Look up anything health and wellness-related these days and you can be sure the subject inflammation will be at the top of the list.
But what exactly is inflammation? And when should we be concerned?
Can chronic inflammation in our bodies be affected by our eating habits?
Acute inflammation is a good thing
Most people are familiar with acute inflammation, which is a normal, fairly quick response by your body to defend you against foreign invaders such as viruses and bacteria. During injury or infection, inflammation in your body works by sending immune cells to the damaged or infected area to protect and “clean up” any foreign substances and promote tissue repair and recovery.
Remember the last time you cut your hand while chopping veggies for dinner? Ouch!
The acute inflammatory response most likely showed up in symptoms like pain, heat, redness, or swelling at and around the cut site on your hand. But that’s a good thing! It just means your immune system is working. And once the infection or injury is cleared, the inflammation goes away. All better.
Chronic inflammation is not so good
As opposed to acute inflammation, which is short-lived and typically beneficial to healing from an injury, chronic inflammation can be extremely detrimental to overall health and vitality. Chronic inflammation occurs when the body attempts to rid harmful substances like toxic chemicals and pathogens like bacteria, viruses, and fungi over months or years. These long-term or chronic levels of inflammation can damage body tissue and lead to diseases like cardiovascular disease, diabetes, kidney disease, non-alcoholic fatty liver disease, cancer, and autoimmune and neurodegenerative disorders. Even polycystic ovarian syndrome, or PCOS, has been linked to chronic inflammation.
And while there are many potential contributors to chronic inflammation, perhaps one of the most important, and manageable, ones we should consider is diet.
Certain foods can cause inflammation
It’s true what your mother always told you: you really are what you eat.
When it comes to reducing or preventing chronic inflammation, the food choices you make can go a long way in determining the level of inflammation in your body.
And while there’s not necessarily a one-size-fits-all approach to eating certain foods to reduce inflammation, there are certain food items that should definitely be reduced or avoided altogether since these foods are considered to be more pro-inflammatory than others. This would include foods like processed meats like lunch or deli meats, refined carbohydrates (think white bread, white rice, white sugar), and sweetened beverages like juices, soft drinks, and sports drinks.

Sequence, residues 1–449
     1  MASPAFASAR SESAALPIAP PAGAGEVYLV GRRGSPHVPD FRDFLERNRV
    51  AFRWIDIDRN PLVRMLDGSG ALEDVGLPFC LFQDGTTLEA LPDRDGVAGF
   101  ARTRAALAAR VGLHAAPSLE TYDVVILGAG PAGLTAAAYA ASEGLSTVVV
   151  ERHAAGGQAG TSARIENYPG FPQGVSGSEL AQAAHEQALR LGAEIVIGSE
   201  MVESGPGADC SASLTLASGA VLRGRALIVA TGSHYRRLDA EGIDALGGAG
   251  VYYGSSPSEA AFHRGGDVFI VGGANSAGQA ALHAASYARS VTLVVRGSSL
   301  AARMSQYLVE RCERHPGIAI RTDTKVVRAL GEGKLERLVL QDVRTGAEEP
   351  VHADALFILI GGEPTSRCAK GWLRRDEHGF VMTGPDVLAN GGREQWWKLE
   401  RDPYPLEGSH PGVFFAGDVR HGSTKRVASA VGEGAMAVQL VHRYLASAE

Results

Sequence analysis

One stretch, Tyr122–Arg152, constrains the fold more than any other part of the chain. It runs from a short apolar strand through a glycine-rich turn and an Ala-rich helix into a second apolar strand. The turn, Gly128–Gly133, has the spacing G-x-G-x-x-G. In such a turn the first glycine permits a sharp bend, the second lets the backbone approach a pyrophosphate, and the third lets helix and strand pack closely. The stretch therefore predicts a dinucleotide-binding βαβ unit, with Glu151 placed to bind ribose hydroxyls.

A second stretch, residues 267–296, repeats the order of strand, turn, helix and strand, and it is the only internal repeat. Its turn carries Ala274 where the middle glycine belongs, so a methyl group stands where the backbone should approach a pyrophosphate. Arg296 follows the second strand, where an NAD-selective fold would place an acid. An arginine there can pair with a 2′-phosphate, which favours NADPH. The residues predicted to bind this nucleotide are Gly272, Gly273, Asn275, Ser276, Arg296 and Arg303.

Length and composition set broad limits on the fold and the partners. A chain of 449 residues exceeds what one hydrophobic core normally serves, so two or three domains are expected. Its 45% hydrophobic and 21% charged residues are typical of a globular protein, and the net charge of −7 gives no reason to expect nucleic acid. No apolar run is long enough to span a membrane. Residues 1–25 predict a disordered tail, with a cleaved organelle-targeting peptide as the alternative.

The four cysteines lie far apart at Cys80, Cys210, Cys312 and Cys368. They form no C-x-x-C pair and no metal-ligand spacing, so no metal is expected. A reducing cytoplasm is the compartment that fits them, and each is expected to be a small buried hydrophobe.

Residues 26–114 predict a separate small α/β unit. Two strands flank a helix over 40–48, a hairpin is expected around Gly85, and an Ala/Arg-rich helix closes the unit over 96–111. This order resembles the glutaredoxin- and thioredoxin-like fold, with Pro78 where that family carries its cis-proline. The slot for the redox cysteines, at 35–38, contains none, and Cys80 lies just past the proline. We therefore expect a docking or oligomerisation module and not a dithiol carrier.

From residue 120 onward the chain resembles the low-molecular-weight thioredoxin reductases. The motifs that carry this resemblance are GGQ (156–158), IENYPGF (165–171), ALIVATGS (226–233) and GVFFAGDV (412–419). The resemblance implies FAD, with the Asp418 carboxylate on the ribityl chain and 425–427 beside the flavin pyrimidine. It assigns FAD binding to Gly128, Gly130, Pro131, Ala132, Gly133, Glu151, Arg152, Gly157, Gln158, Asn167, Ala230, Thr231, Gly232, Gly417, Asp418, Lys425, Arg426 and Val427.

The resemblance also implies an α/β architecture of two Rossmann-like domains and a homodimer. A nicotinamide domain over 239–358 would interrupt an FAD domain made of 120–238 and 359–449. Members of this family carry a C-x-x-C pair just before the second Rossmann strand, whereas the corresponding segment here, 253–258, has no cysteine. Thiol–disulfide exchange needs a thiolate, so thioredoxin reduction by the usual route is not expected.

Processed meats, like salami and bacon, can contain carcinogens or other substances, like nitrosamines and nitrite, that can lead to the development of inflammation and cancer-causing processes in the body. When such meats are processed at high temperatures, the nitrites more easily form nitrosamines, which are cancer-causing compounds.
Diets high in refined carbohydrates and sugar lead to low-grade inflammation, obesity, and insulin resistance. One study found that one 12 ounce can of soda containing about 40 grams (10 teaspoons) of added sugar led to an increase in inflammatory markers (hs-CRP), LDL cholesterol, and insulin resistance as well as weight gain. Another study found that the consumption of high glycemic foods (like refined carbohydrates, pretzels, candy, breakfast cereals) led to an increased risk of death from inflammatory diseases.
Foods can also be anti-inflammatory
If your mom’s adage is true, and you really are what you eat, then why not consume foods that contain inflammation-reducing substances?
Green vegetables such as kale, spinach, and collard greens, yellow and red vegetables like squash and bell peppers, fruits (especially berries), or pomegranates as well as tea and coffee are all nutrient-dense and contain anti-inflammatory compounds like polyphenols. Polyphenols are plant-based compounds including flavonoids (quercetin, catechins, anthocyanins), carotenoids, and fiber, all of which have been shown to aid and support the reduction of inflammation in the body.
Even how we prepare our food may contribute to its effect on inflammation. For example, advanced glycation end products (AGEs) form in foods like highly-processed meats, cheese, oils, and nuts as the protein or fat combine with sugar when exposed to high temperatures such as in grilling, frying, or toasting. High levels of AGEs cause oxidative stress and inflammation in the body. Cooking these foods at lower temperatures and steaming, stewing, or braising can reduce the levels of AGEs produced, thereby reducing the potential for inflammation.
Super Cooking Tip!
Additionally, plants rich in phenolic acids like citrus fruits (lemon and limes) inhibit AGEs during cooking. Marinating meats in vinegar or citrus juice can inhibit the formation and reduce the level of AGEs produced when the meat is cooked.
While there is no one right way to eat well to optimize your health, there is no doubt that eliminating highly processed and high-sugar foods from your diet is one of the best things you can do to reduce the disease-causing effects of chronic inflammation. It’s probably no surprise that these foods have zero nutritional benefits, but understanding their role in contributing to chronic inflammation and potentially disease can help us make smart food choices as we work to maintain a healthy and sustainable lifestyle. And by incorporating inflammation-fighting foods like some of those described here, you’re also supporting your body’s ability to fight chronic inflammation. I’m sure Mom would be proud!